I had no experience working with my hands growing up. Most people who are “good” with their hands had a dad who they learned from. My dad worked with his hands as a presser in the garment industry so the extent of my knowledge was using an iron. When I got married we lived in an apartment for seven years and I had to learn to do some basic work and then moving into a house escalated the need to do basic work. I often had to hire people and loved to watch them work, often chewing their ears off with my questions. I learned to respect just how smart so many of these guys were – most didn’t go to college. The way they attacked a problem, their foresight into why things had to go in a certain order and their skill with tools.

I was so clueless but eventually learned to all kinds of work – not very well, but managed to do some basic electricity, plumbing, carpentry – I built a 3 level deck. But even today if you give me a hammer or a drill, you would see just how clumsy I am.

Which brings me to the work I began to do at the Rockaway Theatre Company soon after Sandy when I joined Tony Homsey’s team. I learned not only the basics of building sets and scenery but also a wide range of skills. For “Wait Until Dark” we needed a kitchen. In a few hours we had a kitchen set with counters, a sink, etc. The best thing about theater work is that it all comes down in a few weeks so it doesn’t have to be perfect, just functional. Tony has made me the door knob guy for any doors we need to put up. I still struggle with doing it and getting the doors to close just right --- you don’t want an actor to not be able to get on or off the set, so the pressure is on.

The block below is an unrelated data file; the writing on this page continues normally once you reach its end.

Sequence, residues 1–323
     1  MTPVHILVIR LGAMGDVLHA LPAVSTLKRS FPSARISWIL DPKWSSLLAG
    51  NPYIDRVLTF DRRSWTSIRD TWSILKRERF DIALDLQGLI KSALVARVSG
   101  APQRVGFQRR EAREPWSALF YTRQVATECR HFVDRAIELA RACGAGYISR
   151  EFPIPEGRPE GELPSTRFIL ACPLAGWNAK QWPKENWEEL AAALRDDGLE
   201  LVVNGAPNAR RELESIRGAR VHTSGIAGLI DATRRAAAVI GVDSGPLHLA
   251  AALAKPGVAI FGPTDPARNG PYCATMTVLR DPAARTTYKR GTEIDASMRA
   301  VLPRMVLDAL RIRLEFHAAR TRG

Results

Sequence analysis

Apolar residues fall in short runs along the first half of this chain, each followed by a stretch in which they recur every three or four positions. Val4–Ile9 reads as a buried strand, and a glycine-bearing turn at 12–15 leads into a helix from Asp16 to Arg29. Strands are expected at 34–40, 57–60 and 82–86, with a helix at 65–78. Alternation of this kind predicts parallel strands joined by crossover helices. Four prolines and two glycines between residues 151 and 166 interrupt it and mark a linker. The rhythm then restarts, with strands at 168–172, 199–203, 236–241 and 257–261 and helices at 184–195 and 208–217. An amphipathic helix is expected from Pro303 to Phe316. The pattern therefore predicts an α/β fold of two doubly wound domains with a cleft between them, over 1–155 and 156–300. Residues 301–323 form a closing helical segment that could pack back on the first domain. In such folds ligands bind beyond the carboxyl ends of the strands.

Being able to ask Tony questions, not only about the work at the theater but on projects I was doing at home has been invaluable. Tony’s patience and willingness to assist has been like getting a degree in just about anything one needs to do. When my garage opener broke down Tony figured out why and found a solution to keeping it going until I was able to replace it. When I found myself locked in the garage on a Sunday afternoon because the doorknob jammed (ironic for this to happen to the door knob guy), Tony came over and freed me – while my wife urged him to leave me there. On other projects that I was doing I was often clueless on what to do first and thus wasted hours, days, weeks, months trying to figure things out. Tony would figure it out in no time and then voila, something that took me weeks to do would be finished in a few hours.

Which brings me to the point of this piece. Tony will be running a course at the Rockaway Theatre Company in Fort Tilden on the craft of set building starting Sunday December 3 (12:15-2PM) and running for eight weeks. The skills learned will be valuable anyone, even if you do not work on theater sets but want to learn some basic carpentry and the use of tools – and which tool to use for which job. And most important, safety in the use of these tools. The RTC has a full complement of power and hand tools. Tuition is $150. There are not a lot of opportunities to get this type of training at this price. Email or email me at

Also being offered is the Art of Theatrical Sound Design on Sundays (2-3PM) taught by the phenomenal Rich Louis-Pierre. Tuition is $100.

Norm blogs at